News of yet another undertaking or project somehow related to that dreaded year –2020 – has become an everyday occurrence in Tokyo these days. However, if you look beyond the initial National Stadium controversy, not much in the way of actual new sporting facilities have been announced.
Instead, we've been getting a plentiful lineup of new hotels, shopping malls and so on, most of them touted as readily accessible for everyone (with more than one eye on the aging population, of course) and easy to navigate for even the most wide-eyed of tourists.
Luckily, someone finally remembered the link between 2020 and sports, and decided to insert this aspect into the ongoing redevelopment of the areas around Toyosu. This 'Bay Zone' is set to see quite a few humongous glass-and-steel apartment blocks, but also excellent transport infrastructure and ample opportunities for getting sporty.
These ambitious (and healthy) plans include the Shin-Toyosu Brillia Running Stadium, opened in early December 2016. In order to get a better idea of what's going on out by the waterside, we went to take a peek at the start of this year.
The sleek facility is partially run by Dai Tamesue, a former Olympic hurdler, who was quite influential in steering the local development plans in a body-movin' direction. Its interior makes ample use of wood, giving it a rustic feel, is completely barrier-free, and boasts a 60-metre track that meets international standards.
It's also the home of Xiborg, a prosthetics company that makes artificial limbs for both athletes and non-athletes, and the Slow Label NGO, which creates inclusive performance art and contributed to Japan's segment for the closing ceremonies of both the Rio Olympics and Paralympics.
The changing rooms inside have large showers that are wheelchair-accessible and also boast a mist function
When not rented out to groups, the facilities can be used by anyone and at any time. The entrance fee is ¥800 per day per person, with students and the disabled paying ¥500; this gets you access to the track, lockers, changing rooms and showers. There's also a parking lot nearby (free for up to two hours) – useful if you're just looking for a quick training session. Serious enthusiasts will want to know that hurdles, stopwatches and other gear can be borrowed for free as well.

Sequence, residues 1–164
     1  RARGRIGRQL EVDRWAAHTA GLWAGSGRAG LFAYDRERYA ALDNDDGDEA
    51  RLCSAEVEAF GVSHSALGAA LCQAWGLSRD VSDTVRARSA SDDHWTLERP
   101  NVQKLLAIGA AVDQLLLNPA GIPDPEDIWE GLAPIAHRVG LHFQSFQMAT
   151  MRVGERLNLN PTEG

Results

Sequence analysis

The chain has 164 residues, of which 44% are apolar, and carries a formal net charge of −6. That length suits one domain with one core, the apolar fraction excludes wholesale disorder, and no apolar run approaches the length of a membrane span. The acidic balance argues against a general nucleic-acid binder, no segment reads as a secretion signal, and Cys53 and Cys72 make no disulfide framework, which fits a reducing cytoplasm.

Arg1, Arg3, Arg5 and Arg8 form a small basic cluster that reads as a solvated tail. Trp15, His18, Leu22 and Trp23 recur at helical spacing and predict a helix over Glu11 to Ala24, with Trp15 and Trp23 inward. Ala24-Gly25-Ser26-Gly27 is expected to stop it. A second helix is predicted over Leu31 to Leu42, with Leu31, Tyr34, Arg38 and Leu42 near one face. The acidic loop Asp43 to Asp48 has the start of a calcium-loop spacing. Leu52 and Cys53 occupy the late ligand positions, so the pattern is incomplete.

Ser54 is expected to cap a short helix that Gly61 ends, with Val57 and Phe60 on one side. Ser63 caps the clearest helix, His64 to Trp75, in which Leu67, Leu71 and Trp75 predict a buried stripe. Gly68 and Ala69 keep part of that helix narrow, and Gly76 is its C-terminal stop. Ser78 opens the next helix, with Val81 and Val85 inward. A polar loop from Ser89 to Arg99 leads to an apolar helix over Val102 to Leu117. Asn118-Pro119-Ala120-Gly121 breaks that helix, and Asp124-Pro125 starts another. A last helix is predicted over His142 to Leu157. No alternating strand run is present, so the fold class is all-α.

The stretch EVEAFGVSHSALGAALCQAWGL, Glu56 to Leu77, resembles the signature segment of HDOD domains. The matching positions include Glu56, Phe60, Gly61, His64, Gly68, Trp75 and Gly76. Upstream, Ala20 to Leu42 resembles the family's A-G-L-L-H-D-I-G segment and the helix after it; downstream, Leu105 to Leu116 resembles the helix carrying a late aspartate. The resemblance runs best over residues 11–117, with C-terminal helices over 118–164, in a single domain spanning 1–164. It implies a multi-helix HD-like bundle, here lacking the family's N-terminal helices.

Slow Movement at Roppongi Art Night (Photo: Yukiko Koshima)
To accommodate Slow Label, the ceiling features silk tissue hooks for aerial performances and swings. Word has it the troupe trains here too, so you might run into one of their sessions if you're lucky. And those looking to watch their performance in a more planned manner will want to note the date February 11 – which is when Slow Label will be performing 'Slow Movement – The Eternal Symphony, 2nd movement' here (free, but register through their website by January 31).
Xiborg's office. They research and develop prosthetics here, and do so by letting athletes wear their designs and actually run on the track so they can measure data and make adjustments on the spot
You can also try on prosthetics meant for professional athletes – we found them to be very springy and bouncy, but whether they make you run faster is still a matter of controversy
There is one part of the Running Stadium that isn't accessible yet: a 5km promenade and running track that stretches along the banks of the Shin-Toyosu area. Supposed to have been opened in November simultaneously with the nearby Toyosu market, it now sits unused while Tokyo's powers that be debate the fate of Tsukiji's replacement. We hope a conclusion will be reached soon, as this jogging course sure looks too tasty to just be left to rot.